SOUTHPORT, England — It’s a weird look seeing Phil Mickelson without caddie Jim “Bones’’ Mackay on his bag after 25 years together. Mickelson and Mackay parted ways last month, with Mackay going into TV as an on-course announcer.
Mickelson’s younger brother, Tim, a former golf coach at Arizona State, is now caddying for him.
“It’s been fun having Tim with me,’’ Mickelson said. “We’ve had a really good time. There’s no replacing Bones. I know how great he is. He’s going to do great on television.
“But it’s been really great spending time with Tim. I’ve missed him these last five or six years when he’s been in Arizona and I didn’t have a chance to see him as much.’’
Mickelson said, depending on the weather conditions, he plans to carry no driver and two 3-woods in his bag, one 3-wood being a little “hotter’’ than the other for longer distance. Interestingly though, the wind conditions Wednesday, he said, would dictate using driver six or seven times in the round. But the winds were forecast to shift beginning Thursday.
“Right now in this wind, I’d hit lot of drivers, but with the other wind from the west, there’s no possible drivers until the 15th hole and even then, because it’s a slice wind for me with bunkers on the left, I’m going to hit 3-wood anyway.
“If I played [Wednesday] in this wind, there’s probably six or seven drivers, but that’s not the forecast, which is for westerly winds sometimes out of the south, sometimes out of the north. With that wind, there’s no drivers. Johnny Miller was saying his caddie helped him win the Open here in ’76 by telling him to hit 1-irons. That’s going to be my plan.’’
Spanish sports are on a roll right now — particularly golf.
Sergio Garcia is still riding the wave of his Masters victory in April. Jon Rahm won the Irish Open two weeks ago and Rafael Cabrera-Bello won the Scottish Open last week.
“Spanish sports are at a good stage,’’ Garcia said. “You have not only [the golf], but Garbine Muguruza winning Wimbledon, too, and Rafa [Nadal] winning [the French Open tennis] at Roland Garros.
“So it’s been a fun year for Spanish sports, but for Spanish golf it’s been great. I want to say it’s probably the winningest year we’ve had on Spanish golf, between the PGA Tour and the European Tour. It’s very exciting to see that, to see guys that you’re friendly with winning and fellow countrymen doing great things. So we’re going to try to keep it as much as possible.’’
Said Rahm: “We are extremely excited. Really special moments, especially Sergio having won the Masters, all three of us in the top four in the Race to Dubai, high in the world rankings. Hopefully the other guys can feed off of that and we can keep playing good golf.’’
Garcia has had 10 top-10 finishes at the Open, including two seconds. He’s finished no worse than sixth in his last three Opens.
Darren Clarke, the 2011 Claret Jug winner and the 2016 losing Ryder Cup captain who’s playing in his 26th British Open this week, said he has a “love-hate relationship’’ with the game.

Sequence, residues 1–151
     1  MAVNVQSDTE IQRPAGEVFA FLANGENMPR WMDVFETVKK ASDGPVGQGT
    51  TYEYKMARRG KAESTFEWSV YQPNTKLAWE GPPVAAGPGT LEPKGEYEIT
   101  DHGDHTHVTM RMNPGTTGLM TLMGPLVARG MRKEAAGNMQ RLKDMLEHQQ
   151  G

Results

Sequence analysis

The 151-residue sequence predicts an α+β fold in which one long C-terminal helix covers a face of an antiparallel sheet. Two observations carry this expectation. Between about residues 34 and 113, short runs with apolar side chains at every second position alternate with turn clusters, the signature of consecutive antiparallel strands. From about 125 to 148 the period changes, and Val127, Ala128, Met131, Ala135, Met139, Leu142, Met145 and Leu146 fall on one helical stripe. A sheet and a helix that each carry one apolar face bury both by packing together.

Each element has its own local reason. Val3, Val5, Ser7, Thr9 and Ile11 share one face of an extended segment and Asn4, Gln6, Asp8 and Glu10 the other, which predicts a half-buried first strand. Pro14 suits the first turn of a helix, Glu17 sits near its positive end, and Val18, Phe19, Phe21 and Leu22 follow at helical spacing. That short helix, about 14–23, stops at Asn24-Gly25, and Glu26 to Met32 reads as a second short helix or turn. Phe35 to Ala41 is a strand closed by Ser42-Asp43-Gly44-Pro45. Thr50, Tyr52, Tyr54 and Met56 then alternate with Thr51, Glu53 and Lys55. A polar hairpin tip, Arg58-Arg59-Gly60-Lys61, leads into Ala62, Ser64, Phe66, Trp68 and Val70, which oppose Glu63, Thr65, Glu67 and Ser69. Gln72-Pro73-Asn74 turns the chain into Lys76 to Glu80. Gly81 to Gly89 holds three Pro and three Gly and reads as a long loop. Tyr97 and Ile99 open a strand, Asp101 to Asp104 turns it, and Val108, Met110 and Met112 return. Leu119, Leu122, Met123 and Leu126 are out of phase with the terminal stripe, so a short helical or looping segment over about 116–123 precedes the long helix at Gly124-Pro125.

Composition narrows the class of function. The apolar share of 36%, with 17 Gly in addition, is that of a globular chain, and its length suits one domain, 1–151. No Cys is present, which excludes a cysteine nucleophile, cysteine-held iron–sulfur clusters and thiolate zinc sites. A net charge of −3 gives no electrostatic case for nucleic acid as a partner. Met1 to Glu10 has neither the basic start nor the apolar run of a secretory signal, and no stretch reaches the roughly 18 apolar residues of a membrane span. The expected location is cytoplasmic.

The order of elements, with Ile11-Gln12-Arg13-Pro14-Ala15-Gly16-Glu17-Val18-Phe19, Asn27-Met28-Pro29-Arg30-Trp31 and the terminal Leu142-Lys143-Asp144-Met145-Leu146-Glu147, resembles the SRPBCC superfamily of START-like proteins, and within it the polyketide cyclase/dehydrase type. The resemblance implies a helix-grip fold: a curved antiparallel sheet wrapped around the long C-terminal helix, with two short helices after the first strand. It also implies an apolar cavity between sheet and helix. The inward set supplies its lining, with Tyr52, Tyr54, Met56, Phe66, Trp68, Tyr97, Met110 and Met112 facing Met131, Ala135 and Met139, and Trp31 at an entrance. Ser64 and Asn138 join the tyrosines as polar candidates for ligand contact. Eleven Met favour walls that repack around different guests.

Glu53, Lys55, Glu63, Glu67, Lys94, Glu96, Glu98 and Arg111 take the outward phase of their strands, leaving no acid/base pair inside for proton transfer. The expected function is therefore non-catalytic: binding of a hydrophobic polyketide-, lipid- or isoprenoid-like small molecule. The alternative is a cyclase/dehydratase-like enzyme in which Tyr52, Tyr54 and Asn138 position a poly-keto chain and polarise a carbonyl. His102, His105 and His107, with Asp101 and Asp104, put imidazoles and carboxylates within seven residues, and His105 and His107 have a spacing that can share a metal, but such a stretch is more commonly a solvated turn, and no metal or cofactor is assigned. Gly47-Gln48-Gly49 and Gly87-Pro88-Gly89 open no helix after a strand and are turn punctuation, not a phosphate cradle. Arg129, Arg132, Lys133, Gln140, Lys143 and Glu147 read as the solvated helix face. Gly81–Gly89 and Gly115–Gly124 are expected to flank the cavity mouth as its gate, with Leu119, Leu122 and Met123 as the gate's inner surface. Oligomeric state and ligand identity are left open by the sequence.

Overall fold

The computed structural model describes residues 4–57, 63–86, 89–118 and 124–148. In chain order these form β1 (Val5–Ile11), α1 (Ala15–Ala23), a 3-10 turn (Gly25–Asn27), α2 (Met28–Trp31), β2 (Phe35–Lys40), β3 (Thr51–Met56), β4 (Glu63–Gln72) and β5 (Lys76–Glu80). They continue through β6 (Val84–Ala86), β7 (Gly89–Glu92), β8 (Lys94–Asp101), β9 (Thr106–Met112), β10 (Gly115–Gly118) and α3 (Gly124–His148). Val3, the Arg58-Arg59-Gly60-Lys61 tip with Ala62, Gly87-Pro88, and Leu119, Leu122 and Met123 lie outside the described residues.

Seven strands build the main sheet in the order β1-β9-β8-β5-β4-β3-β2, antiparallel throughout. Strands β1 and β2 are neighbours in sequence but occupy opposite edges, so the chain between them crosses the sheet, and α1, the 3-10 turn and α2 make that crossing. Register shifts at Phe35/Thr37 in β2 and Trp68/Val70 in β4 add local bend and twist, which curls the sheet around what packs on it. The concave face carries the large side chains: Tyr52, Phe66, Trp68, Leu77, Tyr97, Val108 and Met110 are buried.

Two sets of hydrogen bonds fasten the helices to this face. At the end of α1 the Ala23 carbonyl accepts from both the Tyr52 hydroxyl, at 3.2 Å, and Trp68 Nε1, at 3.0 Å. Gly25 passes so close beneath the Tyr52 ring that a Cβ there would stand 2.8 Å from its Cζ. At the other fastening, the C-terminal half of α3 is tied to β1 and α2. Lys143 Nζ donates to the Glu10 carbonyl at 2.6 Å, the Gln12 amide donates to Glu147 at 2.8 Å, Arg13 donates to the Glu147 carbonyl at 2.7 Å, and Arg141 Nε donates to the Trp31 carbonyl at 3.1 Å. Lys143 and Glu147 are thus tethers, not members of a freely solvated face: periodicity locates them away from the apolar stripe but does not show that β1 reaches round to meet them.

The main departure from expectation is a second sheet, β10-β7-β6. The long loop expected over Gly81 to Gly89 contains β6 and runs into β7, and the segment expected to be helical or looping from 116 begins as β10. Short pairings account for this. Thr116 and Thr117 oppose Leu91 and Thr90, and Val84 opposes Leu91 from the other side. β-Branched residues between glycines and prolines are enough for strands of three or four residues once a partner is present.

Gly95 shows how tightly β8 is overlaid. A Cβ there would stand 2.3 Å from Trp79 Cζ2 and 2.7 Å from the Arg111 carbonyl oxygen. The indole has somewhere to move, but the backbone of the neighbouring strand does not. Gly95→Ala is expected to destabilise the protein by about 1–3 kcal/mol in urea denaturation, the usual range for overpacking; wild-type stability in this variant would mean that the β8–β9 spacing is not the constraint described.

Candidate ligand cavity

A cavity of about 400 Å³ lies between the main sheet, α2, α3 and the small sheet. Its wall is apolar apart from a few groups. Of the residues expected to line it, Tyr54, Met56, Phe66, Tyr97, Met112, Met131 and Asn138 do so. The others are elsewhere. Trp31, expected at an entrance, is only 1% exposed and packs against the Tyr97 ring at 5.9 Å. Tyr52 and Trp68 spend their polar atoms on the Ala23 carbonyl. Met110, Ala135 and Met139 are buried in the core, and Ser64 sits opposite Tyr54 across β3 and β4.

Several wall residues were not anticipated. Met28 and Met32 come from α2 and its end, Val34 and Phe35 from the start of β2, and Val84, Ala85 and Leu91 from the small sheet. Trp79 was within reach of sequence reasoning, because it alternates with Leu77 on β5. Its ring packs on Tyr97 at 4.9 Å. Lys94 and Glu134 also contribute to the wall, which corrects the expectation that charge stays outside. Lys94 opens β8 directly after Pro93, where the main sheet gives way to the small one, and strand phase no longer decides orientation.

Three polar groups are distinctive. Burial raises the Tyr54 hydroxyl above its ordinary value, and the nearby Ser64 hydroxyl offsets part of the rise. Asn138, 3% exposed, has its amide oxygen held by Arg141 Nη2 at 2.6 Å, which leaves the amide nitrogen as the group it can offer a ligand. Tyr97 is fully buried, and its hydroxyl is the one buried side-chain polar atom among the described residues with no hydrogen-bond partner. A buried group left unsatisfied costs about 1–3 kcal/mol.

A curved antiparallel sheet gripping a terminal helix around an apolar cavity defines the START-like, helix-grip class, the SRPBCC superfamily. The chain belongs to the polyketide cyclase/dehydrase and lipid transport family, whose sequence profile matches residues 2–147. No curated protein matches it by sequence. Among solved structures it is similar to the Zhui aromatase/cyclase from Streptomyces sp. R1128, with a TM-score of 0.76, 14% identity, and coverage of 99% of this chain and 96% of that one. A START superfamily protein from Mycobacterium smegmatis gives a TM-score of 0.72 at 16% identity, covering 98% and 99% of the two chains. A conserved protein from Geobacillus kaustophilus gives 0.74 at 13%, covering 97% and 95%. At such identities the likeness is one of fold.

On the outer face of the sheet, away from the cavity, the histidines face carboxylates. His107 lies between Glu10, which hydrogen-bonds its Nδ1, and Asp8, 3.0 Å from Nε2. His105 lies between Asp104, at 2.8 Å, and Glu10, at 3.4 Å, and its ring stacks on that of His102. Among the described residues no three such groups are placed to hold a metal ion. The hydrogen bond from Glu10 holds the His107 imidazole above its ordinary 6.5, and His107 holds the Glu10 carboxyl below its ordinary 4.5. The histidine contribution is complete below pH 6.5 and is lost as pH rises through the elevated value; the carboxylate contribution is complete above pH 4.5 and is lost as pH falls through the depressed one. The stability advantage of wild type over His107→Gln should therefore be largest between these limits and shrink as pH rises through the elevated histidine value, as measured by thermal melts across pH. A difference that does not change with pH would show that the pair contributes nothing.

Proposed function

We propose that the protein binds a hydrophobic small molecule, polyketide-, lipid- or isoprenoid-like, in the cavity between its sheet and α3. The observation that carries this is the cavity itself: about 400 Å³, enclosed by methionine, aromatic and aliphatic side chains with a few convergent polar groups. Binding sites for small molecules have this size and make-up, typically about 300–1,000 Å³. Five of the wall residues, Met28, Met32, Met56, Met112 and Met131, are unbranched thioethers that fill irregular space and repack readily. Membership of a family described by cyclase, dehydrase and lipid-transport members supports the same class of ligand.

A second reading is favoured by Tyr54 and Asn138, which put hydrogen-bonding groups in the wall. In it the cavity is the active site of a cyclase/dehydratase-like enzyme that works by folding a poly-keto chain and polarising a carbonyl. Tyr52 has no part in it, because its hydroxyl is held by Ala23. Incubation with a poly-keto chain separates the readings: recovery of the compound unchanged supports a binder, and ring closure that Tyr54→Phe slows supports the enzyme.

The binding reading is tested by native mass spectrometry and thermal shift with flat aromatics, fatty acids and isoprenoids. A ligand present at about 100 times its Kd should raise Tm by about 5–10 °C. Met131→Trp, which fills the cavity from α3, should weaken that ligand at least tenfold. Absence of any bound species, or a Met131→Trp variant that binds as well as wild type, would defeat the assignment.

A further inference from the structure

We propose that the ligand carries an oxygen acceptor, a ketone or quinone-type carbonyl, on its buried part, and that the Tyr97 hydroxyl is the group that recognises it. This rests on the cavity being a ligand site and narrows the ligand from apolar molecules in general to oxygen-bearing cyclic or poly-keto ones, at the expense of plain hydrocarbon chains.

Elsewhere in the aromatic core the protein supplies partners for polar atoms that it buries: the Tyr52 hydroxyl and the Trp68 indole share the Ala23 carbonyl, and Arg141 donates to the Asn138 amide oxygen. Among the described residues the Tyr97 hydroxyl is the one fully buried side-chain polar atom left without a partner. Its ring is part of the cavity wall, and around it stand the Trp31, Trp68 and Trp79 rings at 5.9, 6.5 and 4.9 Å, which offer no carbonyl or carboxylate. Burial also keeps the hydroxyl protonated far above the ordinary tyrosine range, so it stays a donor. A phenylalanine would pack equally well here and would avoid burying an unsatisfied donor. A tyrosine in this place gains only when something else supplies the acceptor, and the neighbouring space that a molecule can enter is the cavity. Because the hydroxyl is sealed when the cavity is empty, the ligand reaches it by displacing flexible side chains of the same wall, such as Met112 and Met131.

Six years after winning at Royal St. Georges at age 42, Clarke said he’s still awed that he did it — particularly as he has watched his game decline. He hasn’t made a single cut on the European Tour this year and his world ranking has plummeted to outside the top 1,000.
“I look back on it now with a massive amount of pride, but also ‘How did I do that, with the way I’ve played since?’ ” he said in an interview with the Guardian. “I scaled the mountain. It was everything that I wanted to achieve from when I picked up a club. Then I tried to change things to make myself even better when I didn’t need to. Such was my desire to get better but it backfired.
“Right now, the game is difficult,’’ he continued. “When I started playing 37 years ago, I didn’t think it would become as difficult as it has become. When you come off the course and you’ve missed another cut on a Friday, it’s a special type of madness to keep on going. But you have to. What’s the option? Pack it in? I don’t want to pack it in because I’d miss it. If I didn’t have the thrill of competition, I’d be very flat.’’
Being known as the captain of losing Ryder Captain after the Europeans had dominated the Americans for the better part of the last two decades, Clarke is still chafed by the loss at Hazeltine last year.
Asked how often he thinks about it, Clarke said, “Every other day. I think back with disappointment that we lost. I think in terms of, ‘What could I have done differently?’ ’’
This year marks the 10th Open to be staged at Royal Birkdale, stretching back to 1954. At the last Open staged here, 53-year-old Greg Norman, playing on his honeymoon after marrying former tennis great Chris Evert, had a two-shot lead entering the final round. He finished tied for third that week; he’s no longer married to Evert.
Brandt Snedeker withdrew because of a rib injury and was replaced in the field by James Hahn.
Danny Lee also was at Royal Birkdale and is the next alternate. Next in line would be Jim Furyk, though he is playing a PGA Tour event in Alabama this week. This is the first major for which Furyk did not qualify since 1995.